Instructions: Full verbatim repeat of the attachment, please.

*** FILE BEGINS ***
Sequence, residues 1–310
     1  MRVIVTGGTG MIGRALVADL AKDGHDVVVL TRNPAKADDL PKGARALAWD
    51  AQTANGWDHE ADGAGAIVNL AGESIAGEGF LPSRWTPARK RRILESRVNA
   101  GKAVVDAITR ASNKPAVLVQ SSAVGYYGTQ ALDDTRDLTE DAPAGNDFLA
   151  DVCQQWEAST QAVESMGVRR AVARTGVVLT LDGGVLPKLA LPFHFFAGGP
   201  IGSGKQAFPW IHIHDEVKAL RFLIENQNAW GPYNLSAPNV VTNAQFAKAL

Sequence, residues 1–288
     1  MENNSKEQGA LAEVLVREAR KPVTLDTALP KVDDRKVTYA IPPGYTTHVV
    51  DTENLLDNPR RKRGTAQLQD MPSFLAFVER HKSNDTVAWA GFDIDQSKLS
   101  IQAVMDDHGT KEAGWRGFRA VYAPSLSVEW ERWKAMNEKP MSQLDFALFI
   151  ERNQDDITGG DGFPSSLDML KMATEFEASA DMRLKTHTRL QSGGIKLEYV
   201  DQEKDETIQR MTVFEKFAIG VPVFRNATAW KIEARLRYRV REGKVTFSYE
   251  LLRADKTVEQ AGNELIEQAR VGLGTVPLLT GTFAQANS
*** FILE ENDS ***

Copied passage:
Sequence, residues 1–310
     1  MRVIVTGGTG MIGRALVADL AKDGHDVVVL TRNPAKADDL PKGARALAWD
    51  AQTANGWDHE ADGAGAIVNL AGESIAGEGF LPSRWTPARK RRILESRVNA
   101  GKAVVDAITR ASNKPAVLVQ SSAVGYYGTQ ALDDTRDLTE DAPAGNDFLA
   151  DVCQQWEAST QAVESMGVRR AVARTGVVLT LDGGVLPKLA LPFHFFAGGP
   201  IGSGKQAFPW IHIHDEVKAL RFLIENQNAW GPYNLSAPNV VTNAQFAKAL

Sequence, residues 1–288
     1  MENNSKEQGA LAEVLVREAR KPVTLDTALP KVDDRKVTYA IPPGYTTHVV
    51  DTENLLDNPR RKRGTAQLQD MPSFLAFVER HKSNDTVAWA GFDIDQSKLS
   101  IQAVMDDHGT KEAGWRGFRA VYAPSLSVEW ERWKAMNEKP MSQLDFALFI
   151  ERNQDDITGG DGFPSSLDML KMATEFEASA DMRLKTHTRL QSGGIKLEYV
   201  DQEKDETIQR MTVFEKFAIG VPVFRNATAW KIEARLRYRV REGKVTFSYE
   251  LLRADKTVEQ AGNELIEQAR VGLGTVPLLT GTFAQANS